There is a necessity to address these barriers as they are impeding the advancement of evidence-based knowledge on cannabis and the endocannabinoid system. The emerging importance of the ECS is already being seen. The capability to identify the potential ways of modulating its components could lead to the future development of a wide array of therapeutic innovations. The investigation of this important system will aid the public in understanding the numerous medicinal claims for cannabinoid-related products, as well as gain more objective insights into the potential dangers or benefits of cannabis. ♦


[1] Gaoni, Y., & Mechoulam, R. (1964). Isolation, structure and partial synthesis of an active constituent of Hashish. Journal of the American Chemical Society, 86, 1646–1647

[2] Alger, B. E. (2013). Getting high on the endocannabinoid system. Cerebrum: The Dana Forum on Brain Science2013, 14

[3] Devane, W. A., Dysarz, F. A. 3rd, Johnson, M., Melvin, L. S. and Howlett, A. C. (1988). Determination and characterization of a cannabinoid receptor in rat brain. Molecular Pharmacology, 34, 605–613

[4] Pazos M.R., Núñez, E., Benito, C., Tolón, R.M., Romero, J. (2005). Functional neuroanatomy of the endocannabinoid system. Pharmacology Biochemistry and Behavior, 81 (2), 239–47DOI:10.1016/j.pbb.2005.01.030

[5] Murillo-Rodriguez, E. (Ed.) (2017). The endocannabinoid system: genetics, biochemistry, brain disorders, and therapy. London: Academic Press.

[6] Matsuda, L. A., Lolait, S. J., Brownstein, M. J., Young, A. C., & Bonner, T. I. (1990). Structure of a cannabinoid receptor and functional expression of the cloned cDNA. Nature, 346, 561–564

[7] Munro S., Thomas, K.L., Abu-Shaar, M. (1993). Molecular characterization of a peripheral receptor for cannabinoids. Nature, 365, 61–65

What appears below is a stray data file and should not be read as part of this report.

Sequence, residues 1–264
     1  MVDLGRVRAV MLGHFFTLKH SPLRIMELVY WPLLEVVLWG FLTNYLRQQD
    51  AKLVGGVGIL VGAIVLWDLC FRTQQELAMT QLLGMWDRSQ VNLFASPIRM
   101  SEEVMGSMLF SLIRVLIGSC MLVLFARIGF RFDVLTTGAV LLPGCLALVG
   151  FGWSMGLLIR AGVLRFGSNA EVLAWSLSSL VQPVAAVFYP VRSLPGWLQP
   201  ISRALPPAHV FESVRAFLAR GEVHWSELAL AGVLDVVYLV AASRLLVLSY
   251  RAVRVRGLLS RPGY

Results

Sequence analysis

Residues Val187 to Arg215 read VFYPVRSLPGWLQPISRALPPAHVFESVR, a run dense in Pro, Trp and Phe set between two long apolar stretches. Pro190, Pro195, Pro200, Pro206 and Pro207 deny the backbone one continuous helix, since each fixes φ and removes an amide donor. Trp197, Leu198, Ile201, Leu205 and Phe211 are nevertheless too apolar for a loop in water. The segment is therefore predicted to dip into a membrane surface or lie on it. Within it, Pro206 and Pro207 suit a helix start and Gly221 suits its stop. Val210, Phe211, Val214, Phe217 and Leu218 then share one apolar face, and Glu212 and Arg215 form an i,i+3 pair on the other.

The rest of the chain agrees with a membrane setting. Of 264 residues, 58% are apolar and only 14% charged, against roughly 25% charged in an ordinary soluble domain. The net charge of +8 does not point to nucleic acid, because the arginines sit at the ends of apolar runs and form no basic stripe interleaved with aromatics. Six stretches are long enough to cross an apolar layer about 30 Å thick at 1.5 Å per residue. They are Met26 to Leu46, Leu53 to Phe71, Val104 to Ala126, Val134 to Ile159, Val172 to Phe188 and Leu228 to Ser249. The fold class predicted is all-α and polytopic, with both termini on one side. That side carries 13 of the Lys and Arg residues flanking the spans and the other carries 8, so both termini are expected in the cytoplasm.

[8] Mechoulam, R. & Parker, L. (2013). The endocannabinoid system and the brain. Annual Review of Psychology, 2013, 64, 21-47. DOI:10.1146/annurev-psych-113011-143739

[9] Scitable. (n.d.). GPCR. Retrieved from

[10] Ibid.

[11] Mechoulam, R. & Parker, L. (2013)

[12] Ibid.

[13] Cota, D., Marsicano, G., Lutz, B., Vicennati, V., Stalla, G.K., Pasquali, R., & Pagotto, U. (2003). Endogenous cannabinoid system as a modulator of food intake. International Journal of Obesity, 27, 289-301. DOI:10.1038/sj.ijo.0802250


[14] Alger, B. E. (2013)


[15] Mechoulam, R. & Parker, L. (2013)


[16] Ibid.


[17] Ibid.


[18] Howlett A.C., Barth F., Bonner T.I., Cabral G., Casellas P., Devane W.A., Felder C.C., Herkenham M., Mackie, K., Martin, B.R., Mechoulam, R., & Pertwee, R.G. (2002). International Union of Pharmacology. XXVII. Classification of Cannabinoid Receptors. Pharmacological Reviews, 54, 161–202. Retrieved from


[19] National Institute on Drug Abuse. (2011). The science of the endocannabinoid system: how THC affects the brain and the body. Retrieved from


[20] Mechoulam, R. & Parker, L. (2013)


[21] Griffing, G. & Thai, A. (2015). Endocannabinoids. Retrieved from


[22] Campolongo, P., & Trezza, V. (2012). The endocannabinoid system: a key modulator of emotions and cognition. Frontiers in Behavioral Neuroscience, 6, 73. DOI:10.3389/fnbeh.2012.00073


[23] Samson, M., Small-Howard, A., Shimoda, L., Koblan-Huberson, M., Stokes, A., & Turner, H. (2003). Differential roles of CB1 and CB2 cannabinoid receptors in mast cells. The Journal of Immunology, 170 (10), 4953-4962. DOI:10.4049/jimmunol.170.10.4953


[24] Mechoulam, R. & Parker, L. (2013)


[25] National Academies of Sciences, Engineering, and Medicine. (2017). The health effects of cannabis and cannabinoids: The current state of evidence and recommendations for research. Washington, DC: The National Academies Press. DOI:10.17226/24625